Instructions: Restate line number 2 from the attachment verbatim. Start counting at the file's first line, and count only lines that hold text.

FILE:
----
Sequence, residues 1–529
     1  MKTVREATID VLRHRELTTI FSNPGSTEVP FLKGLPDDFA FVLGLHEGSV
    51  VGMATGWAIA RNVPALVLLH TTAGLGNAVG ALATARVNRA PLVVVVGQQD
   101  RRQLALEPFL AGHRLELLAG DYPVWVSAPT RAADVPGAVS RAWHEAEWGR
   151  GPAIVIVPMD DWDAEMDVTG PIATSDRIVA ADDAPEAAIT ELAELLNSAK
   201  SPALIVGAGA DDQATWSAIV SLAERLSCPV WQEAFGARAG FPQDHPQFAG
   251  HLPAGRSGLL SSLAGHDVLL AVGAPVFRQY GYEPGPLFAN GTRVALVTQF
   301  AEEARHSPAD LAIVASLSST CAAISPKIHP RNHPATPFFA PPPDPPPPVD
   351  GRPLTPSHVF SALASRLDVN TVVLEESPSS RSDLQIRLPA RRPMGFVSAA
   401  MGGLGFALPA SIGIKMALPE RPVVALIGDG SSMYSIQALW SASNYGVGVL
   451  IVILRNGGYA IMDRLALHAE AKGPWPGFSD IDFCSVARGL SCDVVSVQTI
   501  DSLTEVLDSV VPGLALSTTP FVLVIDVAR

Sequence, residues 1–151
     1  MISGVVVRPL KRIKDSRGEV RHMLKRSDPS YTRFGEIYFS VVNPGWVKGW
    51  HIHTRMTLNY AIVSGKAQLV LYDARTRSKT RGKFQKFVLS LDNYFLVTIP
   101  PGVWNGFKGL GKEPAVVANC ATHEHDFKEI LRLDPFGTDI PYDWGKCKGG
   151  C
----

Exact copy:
     1  MKTVREATID VLRHRELTTI FSNPGSTEVP FLKGLPDDFA FVLGLHEGSV